7 Signs of High Blood Sugar to be Aware of
High blood sugar occurs in people who suffer from diabetes. Managing high blood sugar is crucial in preventing diabetes, as well as stopping it from causing detrimental health issues from occurring.
According to the International Diabetes Federation (IDF), the middle east and North America have the world’s second-highest prevalence rates for diabetes. Within the UAE, one in five people between the ages of 20 and 79 suffers from type-2 diabetes.
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With that being said, managing high blood sugar and knowing the signs of when it spikes is essential to controlling diabetes.
What is High Blood Sugar?
High blood sugar, also known as hyperglycemia happens when a build-up of excess glucose occurs in the bloodstream. This can happen for people who don’t suffer from diabetes but is more occurrent in those who already have diabetes.
A lot of people think eating a lot of sugar and sweet foods are the main cause of the spike in blood sugar levels. Although this is true to an extent, it isn’t the only factor.
Insulin, created in the pancreas helps to move the glucose through the body. When type-2 diabetes is an existing factor in your health, your body will not produce enough insulin to help move the glucose in your body and will build-up glucose in the bloodstreams.
When blood sugar levels spike to alarming levels, ketoacidosis and ketosis will occur.
Ketoacidosis can occur in people with diabetes and must be treated as an emergency and taken with immediate action. Diabetic ketoacidosis can cause your blood to become very acidic and can result in death or diabetic coma if it rises to alarming levels.
Ketosis more commonly occurs in people who don’t have diabetes. Ketoacidosis is very unlikely to occur in people who don’t have diabetes as their bodies can still supply enough insulin to manage glucose levels.
It’s also important to understand the difference between ketoacidosis and ketosis.
High Blood Sugar Symptoms
If you have already been diagnosed with high blood sugar, its fairly obvious when the signs and symptoms are occurring. However, for the many people who experience high blood sugar and don’t have diabetes, its important to know the signs and symptoms, so you’re able to get early treatment.
The below signs are subtle at first, but can grow in severity over time should the blood sugar levels gradually increase.
Feeling generally more tired than usual or just being drained from doing nothing is a usual sign of high blood sugar and is often the first sign you may experience. For diabetics, they are likely to feel fatigued and tiredness after big meals or consumption of simple carbs and sugars.
2. Frequent Urination
When the sugar levels in your blood are too high, your kidneys will start to pour out more sugar when you urinate to remove it from your system. As the sugar is leaving your body through urination, so will your water levels, and this can often make you dehydrated, and going to the bathroom more often than you usually do.
3. Increased Thirst
As a result of the significant increase in urination, you will naturally feel thirsty due to the dehydration. Doctors actually believe that dehydration due to blood sugar levels can be the result of a cyclical pattern.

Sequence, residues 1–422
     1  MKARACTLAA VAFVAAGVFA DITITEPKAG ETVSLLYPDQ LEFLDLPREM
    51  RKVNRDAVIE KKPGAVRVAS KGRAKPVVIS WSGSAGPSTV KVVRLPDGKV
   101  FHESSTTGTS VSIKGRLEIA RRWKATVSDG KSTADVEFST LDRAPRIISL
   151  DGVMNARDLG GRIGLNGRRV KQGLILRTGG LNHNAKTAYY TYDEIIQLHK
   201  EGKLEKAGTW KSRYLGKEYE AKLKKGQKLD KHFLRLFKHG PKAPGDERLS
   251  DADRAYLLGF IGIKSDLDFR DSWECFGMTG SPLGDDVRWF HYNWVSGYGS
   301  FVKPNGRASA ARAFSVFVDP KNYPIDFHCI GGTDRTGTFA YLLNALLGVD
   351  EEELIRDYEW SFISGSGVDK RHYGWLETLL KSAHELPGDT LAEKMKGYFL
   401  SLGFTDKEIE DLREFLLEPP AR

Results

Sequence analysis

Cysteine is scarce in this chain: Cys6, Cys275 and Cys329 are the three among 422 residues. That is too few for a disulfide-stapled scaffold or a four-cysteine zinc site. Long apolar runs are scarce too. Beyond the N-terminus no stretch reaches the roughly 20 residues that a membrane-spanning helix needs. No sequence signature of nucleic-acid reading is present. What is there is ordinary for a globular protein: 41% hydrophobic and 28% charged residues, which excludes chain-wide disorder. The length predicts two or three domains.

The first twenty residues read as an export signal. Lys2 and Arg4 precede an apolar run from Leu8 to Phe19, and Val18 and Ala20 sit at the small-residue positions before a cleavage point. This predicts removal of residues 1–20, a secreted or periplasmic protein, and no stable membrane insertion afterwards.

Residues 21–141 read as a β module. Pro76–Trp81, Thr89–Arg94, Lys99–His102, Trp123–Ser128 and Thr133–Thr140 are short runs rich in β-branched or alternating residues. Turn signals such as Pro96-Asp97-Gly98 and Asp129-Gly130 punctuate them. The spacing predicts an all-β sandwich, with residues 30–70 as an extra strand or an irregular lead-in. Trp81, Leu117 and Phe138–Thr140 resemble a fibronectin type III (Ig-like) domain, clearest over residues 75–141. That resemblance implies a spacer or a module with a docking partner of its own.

When you become thirsty, you drink more When you drink more, you pee. And when you pee more, you become thirsty and the cycle repeats.
4. Blurred Vision
Excess sugar in the blood can also affect your eyesight and vision as excess amounts of sugar may become trapped in the lens of the middle eye, causing your vision to blur. In the short term, blurred vision may only be temporary, but as the condition worsens, it can potentially cause permanent damage.
5. Slow-Healing Sores
Your body’s circulatory system will also be affected when excess levels of sugar are in the blood. In turn, this will impair blood flow and slow down the body’s ability to heal itself. You will notice wounds and sores taking longer than usual to heal.
6. Dental Issues
As glucose is ever-present in your saliva as it is in your blood, you will notice the condition of your teeth becoming worse overtime as harmful bacteria will grow at a more rapid rate. Along with food particles getting stuck in teeth, tooth decay, cavities, and gingivitis are more likely to occur when your blood sugar is high.
7. Tingling Hands and Feet
Having excess glucose levels in the blood will impact nerve functions in the body and can also cause nerve damage. At first, you may experience tingling in your hands and feet, over time it can develop into numbness or burning if left unaddressed.
What to Do if You Have These Symptoms
If you notice any of these symptoms speak with a medical practitioner immediately. Early intervention and treatment can help to manage blood sugar levels as well as combat diabetes or prediabetes.
If you have a family history of diabetes, it may also increase your chances of getting the disease. Having a healthy diet, lifestyle, and getting regular check-ups with the doctor will keep you on the safe side of high blood sugar.
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